Henry Waskow, the Captain Immortalized by Ernie Pyle

Captain Henry Waskow died on December 14, 1943 far from home. He was killed on a mountain named Monte Sammucro near the town of San Pietro Infine overlooking the Liri Valley. His company had been reduced to the size of a platoon, but they still went on the attack. The men had come under enemy shell fire, and shrapnel hit Henry Waskow in the chest. It took three days for Henry Waskow’s body to come off the mountain

Henry Thomas Waskow was from Belton, Texas. His parents were German immigrants; cotton farmers with eight kids. He worked his way through college and followed his two older brothers into the Texas National Guard. When WWII came, Henry Waskow was in command of B Company, 1st Battalion, 143rd Infantry Regiment of the Texas 36th Infantry Division. He was a compassionate and able leader, a man who cared for his men and treated them fairly.

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Captain Henry T. Waskow

Henry Waskow and his company saw war on the invasion beaches of Salerno and in the mountains of Italy. Waskow never gave orders, he asked his men and they followed him because they loved him.

Waskow was hit near a tree line heading toward a ridge called Hill 730. After he was killed, his driver, Riley Tidwell, went down to report his death. Tidwell came back with the mules that carried the bodies, stiff and cold, down the mountains. On his trip, Tidwell ran into Ernie Pyle, the famed war correspondent for Scripps-Howard. Pyle waited, with other men, at the base of the mountain where the bodies of the slain were brought. Pyle was touched by how the men dealt with death. How they saw their comrades laid out before them day after day. With Henry Waskow it was different. He wasn’t their comrade; he was their captain, their father in a family of fighting men. Pyle saw how the men said goodbye to their beloved commander and he wrote it down so others could see it too.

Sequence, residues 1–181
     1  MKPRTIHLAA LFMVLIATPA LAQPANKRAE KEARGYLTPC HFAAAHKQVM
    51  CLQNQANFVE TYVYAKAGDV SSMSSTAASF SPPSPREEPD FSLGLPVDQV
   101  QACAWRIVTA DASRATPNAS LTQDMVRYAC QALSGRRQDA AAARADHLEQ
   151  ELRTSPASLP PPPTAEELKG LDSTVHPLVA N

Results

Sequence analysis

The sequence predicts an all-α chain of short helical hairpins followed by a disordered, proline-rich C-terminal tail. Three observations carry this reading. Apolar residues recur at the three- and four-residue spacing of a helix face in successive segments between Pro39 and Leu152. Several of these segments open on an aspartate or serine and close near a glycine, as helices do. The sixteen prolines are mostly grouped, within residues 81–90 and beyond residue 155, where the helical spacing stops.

FRONTLINES IN ITALY-In this war I have known a lot of officers who were loved and respected by the soldiers under them. But never have I crossed the trail of any man as beloved as Capt. Henry T. Waskow, of Belton, Texas.

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Insignia of the 36th Infantry Division

Captain Waskow was a company commander in the 36th Division. He had led his company since long before it left the States. He was very young, only in his middle 20’s, but he carried in him a sincerity and a gentleness that made people want to be guided by him.

“After my own father, he came next,” a sergeant told me.

“He always looked after us,” a soldier said. “He’d go to bat for us every time.”

“I’ve never known him to do anything unfair,” another one said.

I was at the foot of the mule trail the night they brought Capt. Waskow’s body down the mountain. The moon was nearly full at the time, and you could see far up the trail, and even part way across the valley. Soldiers made shadows as they walked.

Dead men had been coming down the mountain all evening, lashed onto the backs of mules. They came lying belly-down across wooden pack saddles their heads hanging down on the left side of the mule, their stiffened legs sticking out awkwardly from the other side, bobbing up and down as the mule walked.

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Mount Sammucro